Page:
Amid adversity, Job’s mind is a battlefield much like my own; his thoughts oscillate between wanting God to leave Him alone and begging for God’s support.  In the end, through his wrestle with God, Job remains faithful that God’s promises are true.  He trusts that God Loves him in his pain and is working all things together for good.

As we learn in Job, sometimes God allows for illness, not to punish His children, but to strengthen their relationship with Him.When trials arise, may we trust that God’s plans are purposeful.  This means that whether we are battling a seasonal cold or fighting for our lives after tragedy strikes, God’s loving hand is in everything.

2. HIS GLORY – The contrast of our weakness with His Power emphasizes our need for a Savior.

In 2 Corinthians 12, Paul describes pleading with the Lord to remove a “thorn in his flesh” (2 Cor. 12:7).  In my own life, my “thorn” represents my disease.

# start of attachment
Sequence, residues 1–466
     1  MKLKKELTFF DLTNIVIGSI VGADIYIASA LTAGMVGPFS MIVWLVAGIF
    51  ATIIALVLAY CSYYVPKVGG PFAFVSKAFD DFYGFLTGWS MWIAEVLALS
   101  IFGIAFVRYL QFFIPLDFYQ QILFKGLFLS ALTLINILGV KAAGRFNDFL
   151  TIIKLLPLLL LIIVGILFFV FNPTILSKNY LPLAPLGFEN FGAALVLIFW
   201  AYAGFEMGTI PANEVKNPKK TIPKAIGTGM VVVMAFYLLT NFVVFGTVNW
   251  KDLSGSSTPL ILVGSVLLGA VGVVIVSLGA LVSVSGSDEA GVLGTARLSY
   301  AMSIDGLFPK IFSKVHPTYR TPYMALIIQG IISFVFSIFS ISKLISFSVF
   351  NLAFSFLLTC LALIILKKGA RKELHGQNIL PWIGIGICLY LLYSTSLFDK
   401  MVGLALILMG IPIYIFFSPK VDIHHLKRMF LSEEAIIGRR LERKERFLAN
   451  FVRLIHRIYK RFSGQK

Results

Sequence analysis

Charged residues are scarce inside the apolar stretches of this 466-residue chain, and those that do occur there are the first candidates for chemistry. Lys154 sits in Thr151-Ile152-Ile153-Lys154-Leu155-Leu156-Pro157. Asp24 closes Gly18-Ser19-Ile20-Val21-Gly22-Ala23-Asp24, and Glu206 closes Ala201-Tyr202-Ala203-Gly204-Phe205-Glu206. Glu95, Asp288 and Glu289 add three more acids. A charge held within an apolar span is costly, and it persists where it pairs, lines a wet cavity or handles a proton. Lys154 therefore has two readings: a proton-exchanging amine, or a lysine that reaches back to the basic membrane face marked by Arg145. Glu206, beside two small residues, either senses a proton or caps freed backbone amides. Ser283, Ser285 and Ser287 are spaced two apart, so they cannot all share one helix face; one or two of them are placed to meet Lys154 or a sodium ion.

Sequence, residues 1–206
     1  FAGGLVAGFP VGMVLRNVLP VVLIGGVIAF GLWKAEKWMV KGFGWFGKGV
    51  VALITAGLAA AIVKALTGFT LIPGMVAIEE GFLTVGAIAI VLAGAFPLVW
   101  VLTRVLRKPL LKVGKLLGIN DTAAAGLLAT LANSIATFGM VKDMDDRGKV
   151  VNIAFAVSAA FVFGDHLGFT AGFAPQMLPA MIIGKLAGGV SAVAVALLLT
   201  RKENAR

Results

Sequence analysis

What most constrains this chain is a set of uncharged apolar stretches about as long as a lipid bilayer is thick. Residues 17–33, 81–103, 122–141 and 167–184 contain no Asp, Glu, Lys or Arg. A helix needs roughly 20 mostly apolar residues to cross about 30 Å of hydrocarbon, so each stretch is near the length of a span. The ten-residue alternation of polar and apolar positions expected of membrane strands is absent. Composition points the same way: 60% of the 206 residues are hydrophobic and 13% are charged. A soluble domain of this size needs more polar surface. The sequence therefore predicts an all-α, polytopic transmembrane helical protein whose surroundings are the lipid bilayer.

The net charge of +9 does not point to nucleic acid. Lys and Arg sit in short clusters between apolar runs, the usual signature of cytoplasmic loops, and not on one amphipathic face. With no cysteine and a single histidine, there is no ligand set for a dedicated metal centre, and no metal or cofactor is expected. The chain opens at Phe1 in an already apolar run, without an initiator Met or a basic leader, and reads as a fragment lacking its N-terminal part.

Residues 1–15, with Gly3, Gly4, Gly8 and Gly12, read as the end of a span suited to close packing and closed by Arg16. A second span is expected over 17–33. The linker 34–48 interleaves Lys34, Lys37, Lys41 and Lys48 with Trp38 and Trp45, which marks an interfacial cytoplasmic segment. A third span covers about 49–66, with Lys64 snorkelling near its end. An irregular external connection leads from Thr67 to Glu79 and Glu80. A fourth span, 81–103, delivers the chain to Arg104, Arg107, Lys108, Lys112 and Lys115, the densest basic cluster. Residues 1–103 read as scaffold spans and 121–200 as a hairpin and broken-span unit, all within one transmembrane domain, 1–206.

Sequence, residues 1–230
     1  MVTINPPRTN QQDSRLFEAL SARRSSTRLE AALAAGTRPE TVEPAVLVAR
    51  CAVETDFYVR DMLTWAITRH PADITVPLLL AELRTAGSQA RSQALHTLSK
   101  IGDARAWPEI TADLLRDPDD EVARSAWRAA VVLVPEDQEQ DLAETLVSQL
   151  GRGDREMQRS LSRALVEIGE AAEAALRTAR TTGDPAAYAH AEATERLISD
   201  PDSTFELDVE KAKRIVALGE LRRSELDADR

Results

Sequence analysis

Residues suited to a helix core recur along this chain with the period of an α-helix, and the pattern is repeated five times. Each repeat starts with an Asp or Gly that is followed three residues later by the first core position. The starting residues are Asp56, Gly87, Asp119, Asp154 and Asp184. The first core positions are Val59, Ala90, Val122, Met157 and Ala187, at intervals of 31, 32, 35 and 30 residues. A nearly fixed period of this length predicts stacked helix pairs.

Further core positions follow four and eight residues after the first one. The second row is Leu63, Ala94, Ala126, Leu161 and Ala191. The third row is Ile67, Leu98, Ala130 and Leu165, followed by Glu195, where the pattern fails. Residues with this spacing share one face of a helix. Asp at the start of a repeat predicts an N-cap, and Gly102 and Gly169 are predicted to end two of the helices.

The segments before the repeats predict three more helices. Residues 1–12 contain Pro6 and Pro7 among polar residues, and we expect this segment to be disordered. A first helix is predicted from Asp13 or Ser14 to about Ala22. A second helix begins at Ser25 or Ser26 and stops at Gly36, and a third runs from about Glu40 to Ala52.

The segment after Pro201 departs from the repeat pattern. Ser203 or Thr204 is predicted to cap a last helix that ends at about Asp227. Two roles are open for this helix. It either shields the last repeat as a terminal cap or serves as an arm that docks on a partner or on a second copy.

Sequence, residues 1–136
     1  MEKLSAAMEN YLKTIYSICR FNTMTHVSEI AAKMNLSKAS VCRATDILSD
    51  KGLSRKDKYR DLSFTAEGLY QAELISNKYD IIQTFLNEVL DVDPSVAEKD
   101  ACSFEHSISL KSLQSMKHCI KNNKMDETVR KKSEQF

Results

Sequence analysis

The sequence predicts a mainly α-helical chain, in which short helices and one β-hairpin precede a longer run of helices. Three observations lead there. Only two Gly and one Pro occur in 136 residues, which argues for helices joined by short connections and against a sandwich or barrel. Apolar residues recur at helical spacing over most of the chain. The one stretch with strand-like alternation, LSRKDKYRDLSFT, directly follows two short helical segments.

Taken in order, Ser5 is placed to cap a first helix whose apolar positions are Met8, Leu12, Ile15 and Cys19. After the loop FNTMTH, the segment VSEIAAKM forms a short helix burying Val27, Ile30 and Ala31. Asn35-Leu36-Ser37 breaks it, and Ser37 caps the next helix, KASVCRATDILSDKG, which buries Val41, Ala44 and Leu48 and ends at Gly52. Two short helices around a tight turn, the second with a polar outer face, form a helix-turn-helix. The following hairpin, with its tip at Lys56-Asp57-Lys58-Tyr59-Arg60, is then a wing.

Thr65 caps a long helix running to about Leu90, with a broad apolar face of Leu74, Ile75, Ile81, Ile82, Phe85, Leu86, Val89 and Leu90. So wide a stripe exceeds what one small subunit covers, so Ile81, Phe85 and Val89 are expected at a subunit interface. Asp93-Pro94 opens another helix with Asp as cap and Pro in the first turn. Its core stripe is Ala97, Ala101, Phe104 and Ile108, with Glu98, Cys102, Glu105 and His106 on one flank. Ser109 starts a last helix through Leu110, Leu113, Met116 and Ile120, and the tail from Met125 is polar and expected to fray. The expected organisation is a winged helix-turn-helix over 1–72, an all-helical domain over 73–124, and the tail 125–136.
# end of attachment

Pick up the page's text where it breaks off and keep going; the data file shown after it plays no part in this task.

Jesus addresses Paul’s request by equipping him with endurance and explaining that his pain has a purpose.  Jesus answers, “My grace is sufficient for you, for My Power is perfected in weakness” (2 Cor. 12:9).  In this story, Paul’s pain serves as a reminder of his inherent inadequacy to our all-powerful God, ultimately pointing to his need for a Savior.

Though Jesus denies Paul’s request for healing, Jesus assures him that His grace will help him endure.  Paul is not blessed with physical healing, but instead, with a more valuable and versatile blessing: the ability to see God’s light in the darkness of his valley.  God doesn’t leave us to dwell in our pain, He helps us endure.